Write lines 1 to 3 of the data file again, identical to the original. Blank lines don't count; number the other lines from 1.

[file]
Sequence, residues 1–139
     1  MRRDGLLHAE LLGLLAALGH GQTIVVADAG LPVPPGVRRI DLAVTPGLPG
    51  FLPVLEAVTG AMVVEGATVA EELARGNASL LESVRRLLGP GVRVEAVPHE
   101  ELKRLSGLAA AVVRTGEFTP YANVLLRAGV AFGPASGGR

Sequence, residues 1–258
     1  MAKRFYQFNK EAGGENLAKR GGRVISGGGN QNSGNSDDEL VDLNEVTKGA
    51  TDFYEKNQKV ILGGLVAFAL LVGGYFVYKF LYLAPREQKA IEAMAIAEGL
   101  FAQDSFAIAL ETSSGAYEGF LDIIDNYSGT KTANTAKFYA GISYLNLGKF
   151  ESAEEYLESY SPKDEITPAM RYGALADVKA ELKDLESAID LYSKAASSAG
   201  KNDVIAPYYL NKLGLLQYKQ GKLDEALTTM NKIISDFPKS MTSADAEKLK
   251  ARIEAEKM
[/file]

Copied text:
Sequence, residues 1–139
     1  MRRDGLLHAE LLGLLAALGH GQTIVVADAG LPVPPGVRRI DLAVTPGLPG
    51  FLPVLEAVTG AMVVEGATVA EELARGNASL LESVRRLLGP GVRVEAVPHE